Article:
The front of your eye is filled with a fluid that supplies nutrients to the eye and also maintains its shape. If the amount of fluid which pumps in and drains out is not the same due to blockage in the channels carrying the fluid out, pressure builds up. Glaucoma is a condition in which pressure inside the eye damages the optic nerve (the part of the eye that carries visual information to the brain). If this pressure persists without being diagnosed and treated, it can cause permanent loss of side vision & eventually possibly all sight. The amount of pressure that can cause damage varies from person to person.

Glaucoma affects outer or peripheral vision first, narrowing the field of vision while maintaining the central vision. If not treated on time it may lead to loss of central vision and blindness.

Glaucoma is known as the “Silent Thief of Sight” because the most common type is painless and progresses so slowly that most people don’t notice symptoms for years—until severe extensive peripheral vision damage (which can no longer be restored) has already occurred. Statistics reveal that by the time people realize that something is amiss and consult an eye doctor for glaucoma treatment, 90% of them have lost half of their vision. It is a leading cause of blindness, especially in blacks and can affect either one or both the eyes. In India, 50% of the people don’t know that they have glaucoma.

Does one always develop glaucoma if increased eye pressure is there?

Not necessarily. Not every person with increased eye pressure will develop glaucoma. Some people can tolerate higher levels of eye pressure better than others. Also, a certain level of eye pressure may be high for one person but normal for another. Whether you develop glaucoma depends on the level of pressure your optic nerve can tolerate without being damaged. This level is different for each person. That’s why a comprehensive dilated eye exam is very important. It can help your eye care professional determine what level of eye pressure is normal for you.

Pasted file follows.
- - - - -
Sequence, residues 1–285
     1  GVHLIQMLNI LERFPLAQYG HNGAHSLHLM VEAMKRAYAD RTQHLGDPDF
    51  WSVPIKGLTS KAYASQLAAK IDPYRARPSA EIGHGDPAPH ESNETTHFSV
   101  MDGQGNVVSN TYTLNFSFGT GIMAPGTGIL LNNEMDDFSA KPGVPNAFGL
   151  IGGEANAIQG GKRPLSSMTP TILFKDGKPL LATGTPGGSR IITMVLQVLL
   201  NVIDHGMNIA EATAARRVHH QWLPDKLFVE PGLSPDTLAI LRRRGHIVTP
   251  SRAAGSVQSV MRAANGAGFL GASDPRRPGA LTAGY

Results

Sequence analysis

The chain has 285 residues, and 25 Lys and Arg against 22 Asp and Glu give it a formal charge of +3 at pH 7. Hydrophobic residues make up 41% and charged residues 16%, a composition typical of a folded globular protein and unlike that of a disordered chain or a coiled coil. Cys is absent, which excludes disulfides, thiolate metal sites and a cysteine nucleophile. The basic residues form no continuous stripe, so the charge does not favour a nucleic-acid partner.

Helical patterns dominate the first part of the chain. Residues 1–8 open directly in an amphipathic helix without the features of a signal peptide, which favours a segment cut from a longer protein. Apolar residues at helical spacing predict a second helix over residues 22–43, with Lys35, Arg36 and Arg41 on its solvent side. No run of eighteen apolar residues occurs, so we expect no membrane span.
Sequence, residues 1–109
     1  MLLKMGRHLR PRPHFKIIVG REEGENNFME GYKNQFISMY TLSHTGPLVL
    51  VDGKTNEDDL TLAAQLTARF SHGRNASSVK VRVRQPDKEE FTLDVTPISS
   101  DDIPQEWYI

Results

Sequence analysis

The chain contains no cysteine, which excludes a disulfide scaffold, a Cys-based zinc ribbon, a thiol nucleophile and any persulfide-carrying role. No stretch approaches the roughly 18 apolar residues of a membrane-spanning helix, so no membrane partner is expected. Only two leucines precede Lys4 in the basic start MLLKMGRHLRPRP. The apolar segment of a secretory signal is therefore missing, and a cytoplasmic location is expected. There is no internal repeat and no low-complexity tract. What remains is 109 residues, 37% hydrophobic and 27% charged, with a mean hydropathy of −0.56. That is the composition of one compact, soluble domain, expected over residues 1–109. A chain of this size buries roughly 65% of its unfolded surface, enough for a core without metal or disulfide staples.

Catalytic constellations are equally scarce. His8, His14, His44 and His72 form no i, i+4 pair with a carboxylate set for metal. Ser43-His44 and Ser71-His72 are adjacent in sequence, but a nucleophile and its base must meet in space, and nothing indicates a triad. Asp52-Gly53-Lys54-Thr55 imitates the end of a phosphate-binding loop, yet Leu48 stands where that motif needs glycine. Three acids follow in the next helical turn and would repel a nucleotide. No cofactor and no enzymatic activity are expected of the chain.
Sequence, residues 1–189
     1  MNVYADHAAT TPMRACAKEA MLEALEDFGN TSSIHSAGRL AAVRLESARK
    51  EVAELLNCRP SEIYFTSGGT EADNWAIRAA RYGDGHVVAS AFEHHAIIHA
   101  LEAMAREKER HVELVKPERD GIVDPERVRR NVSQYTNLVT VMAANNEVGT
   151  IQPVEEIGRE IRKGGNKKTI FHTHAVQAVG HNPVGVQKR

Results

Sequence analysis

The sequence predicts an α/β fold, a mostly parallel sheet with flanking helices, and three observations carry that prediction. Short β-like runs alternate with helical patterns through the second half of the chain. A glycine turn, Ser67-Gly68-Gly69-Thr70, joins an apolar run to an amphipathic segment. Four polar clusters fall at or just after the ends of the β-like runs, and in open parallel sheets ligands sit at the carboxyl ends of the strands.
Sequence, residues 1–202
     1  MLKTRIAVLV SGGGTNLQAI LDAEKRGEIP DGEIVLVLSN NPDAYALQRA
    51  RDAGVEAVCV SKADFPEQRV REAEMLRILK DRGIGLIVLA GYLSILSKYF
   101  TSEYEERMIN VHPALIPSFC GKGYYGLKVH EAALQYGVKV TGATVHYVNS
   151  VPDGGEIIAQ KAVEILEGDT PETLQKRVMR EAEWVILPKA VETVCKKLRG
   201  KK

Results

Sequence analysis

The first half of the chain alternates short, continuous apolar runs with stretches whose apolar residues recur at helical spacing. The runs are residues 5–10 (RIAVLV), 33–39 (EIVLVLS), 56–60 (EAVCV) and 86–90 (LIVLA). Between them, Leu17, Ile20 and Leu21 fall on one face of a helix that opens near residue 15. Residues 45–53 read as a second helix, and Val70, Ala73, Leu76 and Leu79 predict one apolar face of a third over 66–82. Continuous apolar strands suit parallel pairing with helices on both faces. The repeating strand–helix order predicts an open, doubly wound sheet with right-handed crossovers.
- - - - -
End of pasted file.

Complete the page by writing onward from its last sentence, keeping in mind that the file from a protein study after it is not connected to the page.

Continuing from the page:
Can one develop glaucoma without an increase in eye pressure?

Yes. Glaucoma can develop without increased eye pressure. This form of glaucoma is called low-tension or normal-tension glaucoma.

Who is at risk for open-angle glaucoma?

Anyone can develop glaucoma. Some people, listed below, are at higher risk than others: • Age: Glaucoma risk increases with age and it is most common in adults over age 40 • Heredity: People with a sibling or parent who has glaucoma, have a 5-10 times greater risk of developing the disease and should get screened every 1-2 years. • Ethnicity: A black person has a 6-8 times higher risk of going blind from glaucoma than a white person and at least one in five, age 75 and older, has the disease.. Hispanics and Asians also have higher risk rates. • Other factors: Diabetes (doubles the risk of glaucoma), nearsightedness, steroid use & previous eye injury. A comprehensive dilated eye exam can reveal more risk factors, such as high eye pressure, thinness of cornea & abnormal optic nerve anatomy